The season of Lent is upon us. It is a season often associated with reflection, fasting, and faith. Many people make a decision to fast from/give up something for the 40 days of Lent. Some take Lent more seriously than others, but however you go about celebrating the season, I hope you have blessed one.
I've participated in Lent for the past several years. I was semi-raised in the Baptist church, so I actually had no idea what Lent was all about until I started exploring faith and branching out around the time I turned 21. For the first few years I gave up something, choosing to fast from a particular thing for the season, but alas, didn't feel it did much for my relationship with God and my overall faith life. It felt empty. Therefore, in 2017, I decided to ADD something to my life rather than fast. I wanted to add disciplines that would enrich my faith life. That year felt different and it made a difference in my faith.
This year leading up to Lent, I had been struggling. I was feeling very discouraged and questioned whether I really had what it took to be a writer and to make a career in writing work. I had decided twice to walk away from the dream and the last 9 years of work, to look into pursuing something more practical. I was tired, discouraged, and done. I prayed and talked it over with God, and felt the call to wait the full season of Lent before making an official decision. So that's what I'm doing. I've made the commitment to not worry over my writing or force it. Instead, I am reading, listening to music, studying, and filling up and enriching my soul and mind. We'll see where God leads me and what He has in store for my future. The ultimate decision will be made after Easter....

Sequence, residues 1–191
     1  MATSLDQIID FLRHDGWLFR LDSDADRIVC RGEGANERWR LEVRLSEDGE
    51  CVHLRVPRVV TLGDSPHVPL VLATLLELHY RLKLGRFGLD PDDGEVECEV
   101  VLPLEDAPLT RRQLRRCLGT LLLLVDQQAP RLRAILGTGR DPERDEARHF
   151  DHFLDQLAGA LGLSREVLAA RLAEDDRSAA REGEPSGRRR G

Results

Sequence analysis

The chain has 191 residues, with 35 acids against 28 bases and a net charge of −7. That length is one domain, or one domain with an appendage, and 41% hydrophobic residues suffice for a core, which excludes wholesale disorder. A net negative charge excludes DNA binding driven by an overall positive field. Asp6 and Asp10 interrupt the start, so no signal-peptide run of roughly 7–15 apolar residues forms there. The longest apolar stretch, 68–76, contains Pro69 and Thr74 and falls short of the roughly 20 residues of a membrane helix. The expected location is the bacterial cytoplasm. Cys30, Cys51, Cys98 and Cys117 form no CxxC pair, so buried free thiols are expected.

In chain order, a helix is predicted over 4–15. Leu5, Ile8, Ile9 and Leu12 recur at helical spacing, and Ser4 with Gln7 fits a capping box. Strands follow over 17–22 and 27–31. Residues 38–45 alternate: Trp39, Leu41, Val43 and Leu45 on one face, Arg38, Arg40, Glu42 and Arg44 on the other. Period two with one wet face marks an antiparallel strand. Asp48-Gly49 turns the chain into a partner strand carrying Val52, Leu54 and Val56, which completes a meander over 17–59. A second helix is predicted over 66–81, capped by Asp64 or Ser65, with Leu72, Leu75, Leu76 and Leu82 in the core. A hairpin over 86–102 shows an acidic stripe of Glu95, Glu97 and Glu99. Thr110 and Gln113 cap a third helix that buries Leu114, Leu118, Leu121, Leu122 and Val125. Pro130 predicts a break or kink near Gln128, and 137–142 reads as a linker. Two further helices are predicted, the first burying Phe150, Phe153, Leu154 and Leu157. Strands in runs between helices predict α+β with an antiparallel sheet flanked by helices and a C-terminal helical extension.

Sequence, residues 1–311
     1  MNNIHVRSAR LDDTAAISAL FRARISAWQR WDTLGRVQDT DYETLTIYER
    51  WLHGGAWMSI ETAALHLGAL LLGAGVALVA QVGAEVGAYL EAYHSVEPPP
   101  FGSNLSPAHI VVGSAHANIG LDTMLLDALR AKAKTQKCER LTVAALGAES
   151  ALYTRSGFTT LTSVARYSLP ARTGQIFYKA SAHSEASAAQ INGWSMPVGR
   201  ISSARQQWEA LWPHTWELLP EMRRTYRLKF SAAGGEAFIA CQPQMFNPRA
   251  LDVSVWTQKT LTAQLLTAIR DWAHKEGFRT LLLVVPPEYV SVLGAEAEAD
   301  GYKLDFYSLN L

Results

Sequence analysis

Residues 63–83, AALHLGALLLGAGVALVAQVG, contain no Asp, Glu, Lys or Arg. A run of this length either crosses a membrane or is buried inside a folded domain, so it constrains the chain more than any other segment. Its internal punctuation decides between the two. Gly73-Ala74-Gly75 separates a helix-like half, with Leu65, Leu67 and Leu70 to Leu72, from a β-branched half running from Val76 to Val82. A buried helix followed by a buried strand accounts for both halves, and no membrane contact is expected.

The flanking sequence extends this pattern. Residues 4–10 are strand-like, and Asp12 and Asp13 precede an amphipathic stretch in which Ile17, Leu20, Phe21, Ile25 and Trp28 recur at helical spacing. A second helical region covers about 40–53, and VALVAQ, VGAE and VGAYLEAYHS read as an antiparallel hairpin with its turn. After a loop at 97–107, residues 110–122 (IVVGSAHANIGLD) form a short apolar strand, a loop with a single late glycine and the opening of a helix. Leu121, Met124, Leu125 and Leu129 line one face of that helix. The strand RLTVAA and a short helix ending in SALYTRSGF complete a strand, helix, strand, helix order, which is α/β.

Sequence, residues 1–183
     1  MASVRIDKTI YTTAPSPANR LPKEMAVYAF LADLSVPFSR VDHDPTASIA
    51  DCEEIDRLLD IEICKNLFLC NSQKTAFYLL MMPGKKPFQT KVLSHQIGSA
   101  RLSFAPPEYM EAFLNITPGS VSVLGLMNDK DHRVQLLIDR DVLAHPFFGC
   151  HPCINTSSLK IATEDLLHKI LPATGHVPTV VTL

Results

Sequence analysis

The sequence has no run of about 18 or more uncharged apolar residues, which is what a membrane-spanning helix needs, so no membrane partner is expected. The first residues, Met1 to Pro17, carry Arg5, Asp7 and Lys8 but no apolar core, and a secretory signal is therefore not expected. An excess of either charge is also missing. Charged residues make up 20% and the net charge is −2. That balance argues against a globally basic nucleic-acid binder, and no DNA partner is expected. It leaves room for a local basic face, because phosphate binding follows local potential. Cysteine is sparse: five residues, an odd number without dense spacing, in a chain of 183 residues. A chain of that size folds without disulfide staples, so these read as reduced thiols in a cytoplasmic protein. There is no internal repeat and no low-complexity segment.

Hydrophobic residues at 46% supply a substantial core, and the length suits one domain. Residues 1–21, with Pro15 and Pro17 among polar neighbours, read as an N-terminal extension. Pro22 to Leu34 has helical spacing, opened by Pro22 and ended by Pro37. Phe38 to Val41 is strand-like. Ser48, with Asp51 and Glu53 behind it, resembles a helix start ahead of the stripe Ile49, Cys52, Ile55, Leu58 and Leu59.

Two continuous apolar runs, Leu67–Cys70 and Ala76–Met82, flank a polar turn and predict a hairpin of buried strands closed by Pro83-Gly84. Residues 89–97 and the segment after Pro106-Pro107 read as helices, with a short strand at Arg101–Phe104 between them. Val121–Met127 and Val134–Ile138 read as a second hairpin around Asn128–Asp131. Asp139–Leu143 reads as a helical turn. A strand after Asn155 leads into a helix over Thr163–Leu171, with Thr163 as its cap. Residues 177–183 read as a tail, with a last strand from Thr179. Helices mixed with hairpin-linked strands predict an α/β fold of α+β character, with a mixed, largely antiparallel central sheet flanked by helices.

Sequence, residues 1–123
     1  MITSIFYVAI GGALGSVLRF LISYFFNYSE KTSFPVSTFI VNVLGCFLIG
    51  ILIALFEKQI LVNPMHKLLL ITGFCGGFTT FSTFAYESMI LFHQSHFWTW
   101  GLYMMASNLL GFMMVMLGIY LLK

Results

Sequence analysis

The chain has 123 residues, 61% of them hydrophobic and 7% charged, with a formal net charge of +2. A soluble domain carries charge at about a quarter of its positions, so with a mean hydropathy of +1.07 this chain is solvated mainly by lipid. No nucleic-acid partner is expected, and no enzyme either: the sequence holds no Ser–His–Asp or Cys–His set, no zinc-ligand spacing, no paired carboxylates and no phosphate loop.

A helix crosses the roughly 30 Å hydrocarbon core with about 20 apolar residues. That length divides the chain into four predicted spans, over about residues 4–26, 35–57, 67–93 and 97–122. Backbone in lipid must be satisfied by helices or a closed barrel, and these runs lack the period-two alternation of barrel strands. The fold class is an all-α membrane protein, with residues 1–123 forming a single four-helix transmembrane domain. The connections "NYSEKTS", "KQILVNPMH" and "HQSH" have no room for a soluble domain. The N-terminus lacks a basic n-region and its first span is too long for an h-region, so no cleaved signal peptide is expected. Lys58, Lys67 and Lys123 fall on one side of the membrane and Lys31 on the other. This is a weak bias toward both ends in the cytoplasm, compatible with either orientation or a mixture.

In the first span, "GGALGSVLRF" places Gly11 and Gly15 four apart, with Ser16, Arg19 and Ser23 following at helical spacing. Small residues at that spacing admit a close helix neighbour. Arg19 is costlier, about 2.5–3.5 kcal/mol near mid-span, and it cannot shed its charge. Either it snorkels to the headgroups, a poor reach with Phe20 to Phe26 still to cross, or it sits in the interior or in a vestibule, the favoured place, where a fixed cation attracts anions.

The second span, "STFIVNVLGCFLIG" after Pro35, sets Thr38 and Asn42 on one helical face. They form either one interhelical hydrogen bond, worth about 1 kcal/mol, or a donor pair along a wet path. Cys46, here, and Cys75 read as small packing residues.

As I said before, I'm using this season to enrich my mind and soul. One thing I've been learning over and over, because I can't seem to remember it, is that in order to be able to pour yourself out into something, you must continually pour into yourself. That's what I'm doing this season. I'm reading good books, studying helpful and informative books and other resources, listening to good music, and reading scripture regularly. I'm incorporating good, healthy rhythms into my life.
I've been very intentional in starting my day reading instead of scrolling through social media. I wake up and read in a good book while breakfast is cooking and while I eat. Then I have a cup of coffee while I read scripture and do a Bible study on it. I fill myself up with good words before letting anything else in. After my Bible study, I do standing Pilates or yoga every day. This is not only good for the mind and soul as it's a great stress-reliever, but also good for the body as it connects body and mind. Pilates and yoga are a part of my pain management program for my osteoarthritis, but honestly, I'd still be doing this even if I didn't have arthritis. Our bodies need motion, whether it's a workout, yoga, Pilates, running, or just a nice walk, our bodies are healthier when it experiences motion on a regular basis.